Questions And Concerns in Alabama Mad Cow Case

A case of mad cow disease in Alabama has raised questions and concerns.

It was confirmed Monday afternoon that a cow, which died on an undisclosed farm in Alabama, did in fact die from the disease.

There is no official word on history of the cow or if others on that farm were infected.

More than 600,000 cows that have been tested by the US Department of Agriculture and only three have been affected.

Beef experts say no one knows how prices will be affected.

"I think the American customer has been very confident in the American producer" said Rickey Hudson, Wiregrass Extension Office of Alabama

The USDA says the cow had not crossed paths with the human or animal food chain.

In 1997 a feed ban was issued, that prevents producers from basically feeding cow left-over to other cows.

"That cow was born before the feed ban, before in 1997, so our interlocking system of safeguards to prevent the spread of b.s.e. it's very effective" said John West, R-Calf United Stockgrowers of America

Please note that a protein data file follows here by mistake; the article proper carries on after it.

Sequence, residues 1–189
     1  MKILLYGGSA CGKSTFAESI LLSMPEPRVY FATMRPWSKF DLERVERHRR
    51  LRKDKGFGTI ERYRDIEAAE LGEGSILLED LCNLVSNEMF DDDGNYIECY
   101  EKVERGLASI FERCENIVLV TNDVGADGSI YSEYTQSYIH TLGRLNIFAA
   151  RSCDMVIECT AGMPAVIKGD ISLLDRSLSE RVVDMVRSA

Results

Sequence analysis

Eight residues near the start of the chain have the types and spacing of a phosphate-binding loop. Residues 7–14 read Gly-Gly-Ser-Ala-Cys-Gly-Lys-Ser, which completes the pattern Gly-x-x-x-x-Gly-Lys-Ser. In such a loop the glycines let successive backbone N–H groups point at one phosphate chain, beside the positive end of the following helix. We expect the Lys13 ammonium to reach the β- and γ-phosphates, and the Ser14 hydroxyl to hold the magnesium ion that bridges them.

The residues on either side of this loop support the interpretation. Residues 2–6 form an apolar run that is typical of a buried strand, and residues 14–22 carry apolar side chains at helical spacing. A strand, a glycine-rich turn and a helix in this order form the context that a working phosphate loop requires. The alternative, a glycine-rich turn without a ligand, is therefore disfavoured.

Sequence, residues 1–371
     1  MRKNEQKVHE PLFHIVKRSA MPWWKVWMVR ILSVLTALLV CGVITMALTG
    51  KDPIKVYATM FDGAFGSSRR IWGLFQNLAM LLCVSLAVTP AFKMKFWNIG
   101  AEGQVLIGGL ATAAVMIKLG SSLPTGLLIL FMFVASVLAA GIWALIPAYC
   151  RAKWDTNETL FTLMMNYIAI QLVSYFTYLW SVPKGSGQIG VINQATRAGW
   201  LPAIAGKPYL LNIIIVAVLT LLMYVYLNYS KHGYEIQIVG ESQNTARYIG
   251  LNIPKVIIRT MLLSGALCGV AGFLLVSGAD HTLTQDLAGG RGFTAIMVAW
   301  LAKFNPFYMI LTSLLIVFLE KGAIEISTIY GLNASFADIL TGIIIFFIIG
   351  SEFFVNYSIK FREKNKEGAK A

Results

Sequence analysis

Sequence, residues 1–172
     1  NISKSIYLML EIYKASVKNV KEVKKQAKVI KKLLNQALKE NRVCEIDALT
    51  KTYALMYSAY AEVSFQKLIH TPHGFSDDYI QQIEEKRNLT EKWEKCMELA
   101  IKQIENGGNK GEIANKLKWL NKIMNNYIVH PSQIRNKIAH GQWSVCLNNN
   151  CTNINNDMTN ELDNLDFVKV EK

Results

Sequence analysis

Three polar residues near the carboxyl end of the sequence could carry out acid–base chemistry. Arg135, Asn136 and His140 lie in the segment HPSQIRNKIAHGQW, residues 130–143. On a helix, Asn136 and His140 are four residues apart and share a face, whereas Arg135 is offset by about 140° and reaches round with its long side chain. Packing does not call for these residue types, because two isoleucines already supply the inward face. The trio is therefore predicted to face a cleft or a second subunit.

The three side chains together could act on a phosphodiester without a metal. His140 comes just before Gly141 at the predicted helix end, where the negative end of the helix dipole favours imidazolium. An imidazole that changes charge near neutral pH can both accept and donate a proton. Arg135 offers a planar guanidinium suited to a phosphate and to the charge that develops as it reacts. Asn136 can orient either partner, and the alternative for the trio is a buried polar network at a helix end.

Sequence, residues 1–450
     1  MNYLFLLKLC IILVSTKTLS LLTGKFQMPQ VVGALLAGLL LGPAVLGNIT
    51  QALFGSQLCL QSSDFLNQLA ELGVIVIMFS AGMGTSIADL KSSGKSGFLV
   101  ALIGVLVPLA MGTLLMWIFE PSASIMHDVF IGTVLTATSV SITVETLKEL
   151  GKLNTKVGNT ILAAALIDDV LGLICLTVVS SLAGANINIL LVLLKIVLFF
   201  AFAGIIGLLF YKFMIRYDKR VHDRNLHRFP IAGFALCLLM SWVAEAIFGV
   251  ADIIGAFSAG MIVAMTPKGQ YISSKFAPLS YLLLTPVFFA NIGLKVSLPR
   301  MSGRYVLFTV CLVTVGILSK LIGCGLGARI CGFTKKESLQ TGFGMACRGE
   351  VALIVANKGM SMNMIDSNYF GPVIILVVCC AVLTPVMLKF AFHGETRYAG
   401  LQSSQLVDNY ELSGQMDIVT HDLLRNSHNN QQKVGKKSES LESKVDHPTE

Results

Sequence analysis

Still, with cattle farmers’ confidence so high in their product, some say politics may be affected.

Currently, President Bush's administration is seeking to reassure foreign trading partners that U.S beef is okay.

This will make the 3rd case of mad cow in the United States.

"We got the safest food in the world and we definitely got the safest beef in the world. We have more precautions on that, than any nation I would say" said Ed Neel, Dothan Livestock Company.

The farm where the cow died is under quarantine until more answers can be found. The cow hadn't been at the farm a year.

According to the associated press, U.S talks with possible beef trading partners should not be affected. Cattle prices held mostly stable Tuesday in the wake of publicity about the case. Industry watchers say that's a positive development since prices dropped after two previous cases of mad cow were confirmed.